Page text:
A Week’s Worth of Botany on Patos Island


I spent last the past week surveying vegetation on Patos Island, the northernmost island in the San Juan Archipelago.  The 200 acre island is owned by the BLM and managed in conjunction with Washington State Parks.  Patos is home to one of four lighthouses in the San Juans (two of which are owned by the BLM) which was constructed in 1893 and has since guided ships traveling between the US and Canada.  Patos island, called isle de Patos by Spanish explorers, is translated to island of ducks, this name coming from a stone structure closely resembling a duck head and body on the eastern most point of the island.


The Namesake of the island, stone duck at Toe Point, Patos Island.


Patos Island is a popular spot for kayakers and boaters visiting the lighthouse, camping at its 7 pristine campsites, and exploring its 1.5 mile trail around the island.


Boats anchored in Active Harbor, Patos Island

Patos is a charming though challenging spot for a botanist.  As one of the wetter sites in the San Juans, it supports a vigorous plant community.  It supports novel species that grow only occasionally in other parts of the islands.  Among the prettier species are Tiger Lily (Lilium columbianam) White Fawn Lily (Erythronium oregonum), Red Huckleberry (Vaccinium parvifolium), Douglas Maple (Acer glabrum), Paper birch (Betula papyrifera), and Black Cottonwood (Populus tremuloides), Garry Oak (Quercus garryana) and, my favorite, California broomrape (Orobanche California var. californica).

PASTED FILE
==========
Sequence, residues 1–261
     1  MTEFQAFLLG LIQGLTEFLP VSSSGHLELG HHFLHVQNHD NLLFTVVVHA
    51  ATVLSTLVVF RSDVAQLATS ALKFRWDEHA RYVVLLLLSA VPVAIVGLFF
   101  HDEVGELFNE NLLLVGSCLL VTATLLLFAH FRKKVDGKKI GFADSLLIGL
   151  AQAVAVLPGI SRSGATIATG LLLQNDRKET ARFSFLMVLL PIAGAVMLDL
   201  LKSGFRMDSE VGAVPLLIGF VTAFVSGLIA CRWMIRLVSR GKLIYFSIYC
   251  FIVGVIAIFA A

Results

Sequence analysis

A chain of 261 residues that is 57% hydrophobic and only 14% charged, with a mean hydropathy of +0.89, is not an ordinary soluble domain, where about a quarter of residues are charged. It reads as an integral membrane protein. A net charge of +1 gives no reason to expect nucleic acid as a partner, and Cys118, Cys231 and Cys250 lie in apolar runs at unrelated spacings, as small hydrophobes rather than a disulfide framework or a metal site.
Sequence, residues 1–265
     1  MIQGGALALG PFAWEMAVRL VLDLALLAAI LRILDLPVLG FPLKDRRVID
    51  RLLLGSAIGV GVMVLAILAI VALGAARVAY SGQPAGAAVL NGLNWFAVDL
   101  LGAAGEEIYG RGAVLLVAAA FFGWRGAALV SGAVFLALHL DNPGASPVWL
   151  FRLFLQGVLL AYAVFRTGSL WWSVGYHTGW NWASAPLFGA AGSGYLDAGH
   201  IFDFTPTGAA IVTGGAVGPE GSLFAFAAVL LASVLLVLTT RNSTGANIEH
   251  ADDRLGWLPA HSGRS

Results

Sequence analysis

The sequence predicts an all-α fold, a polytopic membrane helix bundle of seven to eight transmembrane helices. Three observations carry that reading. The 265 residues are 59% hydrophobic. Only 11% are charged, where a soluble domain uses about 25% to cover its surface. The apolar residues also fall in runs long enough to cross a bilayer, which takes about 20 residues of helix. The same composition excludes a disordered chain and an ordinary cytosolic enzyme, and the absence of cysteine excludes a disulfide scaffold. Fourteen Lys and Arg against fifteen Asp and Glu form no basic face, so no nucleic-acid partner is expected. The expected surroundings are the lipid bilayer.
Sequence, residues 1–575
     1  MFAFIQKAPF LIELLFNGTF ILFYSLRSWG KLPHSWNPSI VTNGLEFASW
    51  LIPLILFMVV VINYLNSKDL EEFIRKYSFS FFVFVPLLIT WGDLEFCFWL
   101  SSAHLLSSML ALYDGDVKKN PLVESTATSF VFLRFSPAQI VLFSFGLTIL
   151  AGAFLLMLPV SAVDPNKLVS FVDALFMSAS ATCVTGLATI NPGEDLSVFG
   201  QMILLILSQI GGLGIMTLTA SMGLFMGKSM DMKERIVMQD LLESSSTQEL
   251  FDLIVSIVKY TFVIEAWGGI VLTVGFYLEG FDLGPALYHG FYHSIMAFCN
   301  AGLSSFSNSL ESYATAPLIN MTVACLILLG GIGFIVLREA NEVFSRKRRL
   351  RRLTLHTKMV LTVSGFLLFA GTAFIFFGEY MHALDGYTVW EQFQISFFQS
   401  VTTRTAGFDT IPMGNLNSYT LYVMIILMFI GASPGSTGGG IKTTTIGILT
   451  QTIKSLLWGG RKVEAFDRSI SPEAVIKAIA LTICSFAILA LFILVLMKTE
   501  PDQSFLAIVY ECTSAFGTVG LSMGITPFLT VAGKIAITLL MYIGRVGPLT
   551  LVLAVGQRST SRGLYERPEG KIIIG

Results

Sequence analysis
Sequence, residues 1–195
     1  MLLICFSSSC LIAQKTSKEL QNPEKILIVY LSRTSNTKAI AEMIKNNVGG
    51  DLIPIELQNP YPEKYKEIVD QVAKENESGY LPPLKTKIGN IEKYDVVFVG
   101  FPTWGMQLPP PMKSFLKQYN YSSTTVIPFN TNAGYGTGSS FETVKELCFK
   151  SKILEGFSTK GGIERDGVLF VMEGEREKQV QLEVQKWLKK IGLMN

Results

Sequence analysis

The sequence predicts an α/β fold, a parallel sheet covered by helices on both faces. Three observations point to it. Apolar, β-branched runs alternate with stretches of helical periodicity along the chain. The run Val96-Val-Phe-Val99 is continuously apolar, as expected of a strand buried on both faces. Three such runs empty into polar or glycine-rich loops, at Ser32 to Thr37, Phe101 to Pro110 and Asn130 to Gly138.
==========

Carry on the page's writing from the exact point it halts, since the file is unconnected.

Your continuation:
Bluff with Garry Oak, Toe Point, East Patos Island

Patos also has an abundance of plants common elsewhere in the islands.  Walking from the shoreline to an interior transect, I was frequently confronted with a wall of shrubs (Salal, Nootka Rose, Baldhip Rose, Trailing Blackberry, and Oceanspray) that was more than 200 meters thick and 3 meters tall.  Upon reaching the interior, I found an undergrowth plant community dominated by 2 meter sword fern.

Despite obstacles and shrubbery, I completed 7 transects across the island using the AIM (Assessment, Inventory and Monitoring) strategy.  Transects were in woodland, forest, maintained grassland, and coastal bluffs. Outside of my transects, I began a plant list on the island and documented several invasive species that had penetrated the thick forest vegetation.  I found a marsh in the middle of the island as well as a garry oak habitat on the eastern shore.  Oh, and I took lots of pictures.

I hope everyone is enjoying their internships and the areas they are based out of.


Jennifer McNew



Sunset and Lighthouse at low tide


Mussels found all along Patos Island at low tide


Sunset on Canada. Isn’t Canada photogenic?







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